Nonbinary is an umbrella term, or a gender identity in and of itself, describing a spectrum that is not exclusively male or female — it describes identities that lie outside or between the identities of man or woman.
There is no single way to look, act, or feel nonbinary.

July 14, was International Nonbinary People’s Day, a day to recognize and celebrate nonbinary identities. In honor of this day, we’ve interviewed some of our staff that identify as nonbinary to hear their perspective on what nonbinary means to them, what they would like others to know, and what it’s like to serve a population that shares their identity.

Here’s what they said:

Layzon Lehmann, Safety Intervention Coordinator (No Pronouns):

Non-binary people are nothing new, non-binary identities have been recognized for millennia by cultures and societies all around the world. Due to colonist ideals some of this history has been moved out of the main view of the public. There isn’t just one way to be nonbinary, nonbinary is a cosmos of opportunities to express your gender fluidity.  

Being able to interact and assist individuals that identify as non-binary has been one of the greatest challenges and gifts I have ever had in my life. It is a gift because I get to answer questions that are within my wheel house about being nonbinary. It is a challenge because I am forced to keep learning and adapting to new terms, personalities, and the trauma that continues to be experienced by folks that identify as nonbinary.”

Tommy Schafer, Manager of Data and Evaluation (they/them/theirs):

“I wish people understood that nonbinary people come in all shapes, sizes, gender expressions, sexualities, and identify along the full spectrum of each of these traits as well. I also wish that more folks understood that binary gender categories are a product of the institutions of white supremacy and capitalism, and that genders we now typically categorize under the nonbinary umbrella have existed in various human societies for millennia. (This is why I tend to identify more as gender-queer specifically because binary gender is a constructed falsehood to begin with, so who are we to have to call ourselves, NOT-the-false-category, when that category isn’t even real?)

It’s humbling to serve people who share this identity, especially because it is so hard-won on a day to day basis by many of us, through having our pronouns recognized, or not having folks assume our assigned gender at birth. In my data and research work, ensuring that I include nonbinary people in gender categories and then, furthermore, advocating for the explaining the importance of doing so to other researchers furthers our legitimacy as a group. This feels necessary in order to break out of a society that assumes binary gender in every instance it can.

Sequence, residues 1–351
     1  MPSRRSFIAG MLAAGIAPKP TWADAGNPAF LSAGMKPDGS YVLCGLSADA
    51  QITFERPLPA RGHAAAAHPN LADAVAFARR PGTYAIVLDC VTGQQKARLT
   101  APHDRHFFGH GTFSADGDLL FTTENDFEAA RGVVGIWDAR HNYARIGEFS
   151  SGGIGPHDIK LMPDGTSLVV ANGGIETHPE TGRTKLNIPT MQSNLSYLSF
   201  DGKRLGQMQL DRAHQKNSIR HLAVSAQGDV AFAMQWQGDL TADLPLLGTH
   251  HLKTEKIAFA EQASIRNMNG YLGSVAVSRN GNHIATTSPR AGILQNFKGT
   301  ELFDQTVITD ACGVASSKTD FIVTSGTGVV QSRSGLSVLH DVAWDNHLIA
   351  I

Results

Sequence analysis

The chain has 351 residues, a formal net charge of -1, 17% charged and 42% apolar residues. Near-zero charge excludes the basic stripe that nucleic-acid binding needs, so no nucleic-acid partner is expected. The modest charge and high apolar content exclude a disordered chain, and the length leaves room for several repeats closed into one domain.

Fredy Roberts-Ramirez, TGNC Youth HIV Prevention Program Manager and The VOICES Project Manager (they/them/theirs/Fredy):

“I would like people to know that nonbinary people sometimes don’t show their gender expression on the outside. Being nonbinary is a feeling and is usually something you feel internally.

I love the fact that I can come to work and see young people like me and be able to be an example for them, and also show them that they are not alone. I want to show young people it’s okay to be yourself and express yourself how you feel most comfortable. Also it’s okay to live outside the box, just be authentically you.”

Katie Wright, Research Assistant (she/her/hers):

Sometimes it feels like people see non-binary folks as just trying to figure out if they are male or female, which to me isn’t the point. The point is that I’m neither. Some days I feel very masculine and I embrace that side of me, and other days I feel very agender and I don’t relate to being a gendered human at all. It’s definitely a journey and it’s something that is constantly evolving. I wish more cis people felt comfortable exploring the vastness of their own gender identity because for me it has been very freeing.